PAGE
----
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Aug 14, 2014 5:42 PM CST
|Today, I decided to separate my Spirit of America - Western Species. I planted one (1) bulb 2 years ago in a 5 gallon container.|
This is what I found
Aug 14, 2014 5:45 PM CST
|Yeah, I guess so (time to divide)!|
Aug 14, 2014 6:20 PM CST
|Holy Cow!!! Whatever your doing, keep doin' it--this plant loves you! Beautiful flower and a great picture too!|
Aug 14, 2014 6:22 PM CST
|Western North American lilies grow like that (rhizomatous) and tend to crowd themselves too much even if not in a container so best to divide them at this point.|
Aug 14, 2014 11:36 PM CST
Where are we going, and why am I in this hand-basket?
Aug 15, 2014 8:32 AM CST
|Nice, healthy bulbs there. |
And good examples of rhizomatous bulb growth.
Aug 31, 2014 12:46 PM CST
|L. rubescens or L. washingtonianum|
I was talking to a forester (Stan) a few days ago and I mentioned about natives in our area. He indicated on the land that he surveys (Bald Hill Road abouit 10 miles from the Redwood National Park) that a white lily that fades to pink (couldn't remember) if it had dots, grew there. I mentioned that if he ever found mature (brown) seed pod I would be very interested.
Yesterday I got a knock on my door, there Stan was there with a bucket of dirt. This is what I found
He also had two (2) stems with green seed pods. I placed them in water hoping that they might mature.
He told me where the location of the lilies and I plan on going up there next year when they are in bloom to take photos.
Aug 31, 2014 3:00 PM CST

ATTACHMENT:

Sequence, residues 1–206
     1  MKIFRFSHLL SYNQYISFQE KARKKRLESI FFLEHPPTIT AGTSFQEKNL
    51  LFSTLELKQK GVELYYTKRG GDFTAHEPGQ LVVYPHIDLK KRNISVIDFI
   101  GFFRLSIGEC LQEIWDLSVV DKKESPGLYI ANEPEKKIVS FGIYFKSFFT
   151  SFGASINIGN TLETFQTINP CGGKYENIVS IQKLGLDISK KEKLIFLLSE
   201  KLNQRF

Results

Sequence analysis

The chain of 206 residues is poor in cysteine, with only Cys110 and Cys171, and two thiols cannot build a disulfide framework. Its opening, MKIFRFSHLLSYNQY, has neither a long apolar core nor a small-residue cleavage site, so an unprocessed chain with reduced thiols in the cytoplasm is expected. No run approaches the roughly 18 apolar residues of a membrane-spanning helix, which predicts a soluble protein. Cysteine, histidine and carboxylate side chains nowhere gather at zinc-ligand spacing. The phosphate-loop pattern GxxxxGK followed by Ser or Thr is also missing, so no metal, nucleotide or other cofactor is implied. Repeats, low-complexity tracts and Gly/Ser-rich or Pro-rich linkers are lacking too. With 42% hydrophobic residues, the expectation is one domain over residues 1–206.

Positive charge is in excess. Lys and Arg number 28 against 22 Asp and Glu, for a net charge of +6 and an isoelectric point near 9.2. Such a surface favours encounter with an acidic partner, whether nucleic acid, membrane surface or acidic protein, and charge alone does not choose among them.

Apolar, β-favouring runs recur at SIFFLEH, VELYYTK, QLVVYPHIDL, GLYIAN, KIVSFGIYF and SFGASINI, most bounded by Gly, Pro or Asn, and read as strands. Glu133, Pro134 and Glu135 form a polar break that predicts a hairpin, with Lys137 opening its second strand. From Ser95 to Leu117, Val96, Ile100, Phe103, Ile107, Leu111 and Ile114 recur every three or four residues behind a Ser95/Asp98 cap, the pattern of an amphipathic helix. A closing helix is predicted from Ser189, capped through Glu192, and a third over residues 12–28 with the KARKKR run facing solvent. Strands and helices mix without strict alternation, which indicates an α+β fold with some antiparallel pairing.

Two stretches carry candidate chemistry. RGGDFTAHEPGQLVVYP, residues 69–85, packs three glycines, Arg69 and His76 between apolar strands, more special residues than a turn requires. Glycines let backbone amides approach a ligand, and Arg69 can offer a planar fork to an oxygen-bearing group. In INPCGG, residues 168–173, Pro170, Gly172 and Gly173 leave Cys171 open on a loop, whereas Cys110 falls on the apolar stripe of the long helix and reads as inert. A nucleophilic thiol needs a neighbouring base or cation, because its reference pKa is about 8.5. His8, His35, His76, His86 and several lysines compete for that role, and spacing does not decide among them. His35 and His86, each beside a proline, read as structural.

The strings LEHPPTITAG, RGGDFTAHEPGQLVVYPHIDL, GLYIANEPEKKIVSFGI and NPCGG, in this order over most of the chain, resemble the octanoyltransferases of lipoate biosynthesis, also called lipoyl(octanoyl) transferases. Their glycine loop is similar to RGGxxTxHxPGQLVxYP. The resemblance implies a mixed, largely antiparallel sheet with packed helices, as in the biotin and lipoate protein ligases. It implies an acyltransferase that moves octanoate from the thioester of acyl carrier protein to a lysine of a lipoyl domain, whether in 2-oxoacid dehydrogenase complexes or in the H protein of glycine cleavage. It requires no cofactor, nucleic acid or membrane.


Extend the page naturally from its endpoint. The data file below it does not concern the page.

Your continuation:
|Looks like some nice bulbs you have there. It will be interesting to see what you've got next year. Very cool |
Aug 31, 2014 8:00 PM CST
|Stan must know what a good custodian/guardian you would be to bring them to you. |
Did you realize that the bulbs are sometimes an easy way to tell the two species apart?
Assuming they are all the same species, they are L. washingtonianum, because some have notched scales. L. rubescens never has notched scales. Based on the geographic source, yours appear to be L. washingtonianum var. purpurascens, as the dividing point seems to be about Mount Shasta and Mount Lassen, south of which (along the Sierra Nevada) is var. washingtonianum, and north and west of which is var. purpurascens.
Speaking of scales, do see if you can produce some bulblets from the broken off ones. Sometimes species can be a little stubborn with this kind of propagation, depending on which they are or what time of year, so don't be discouraged if it is unsuccessful.
Aug 31, 2014 10:20 PM CST
|Thanks for the information. The pieces that separated from the larger ones were planted as I normally plant scales. I wasn't sure if they would produce bulbs like other lilies, but it doesn't hurt to try.|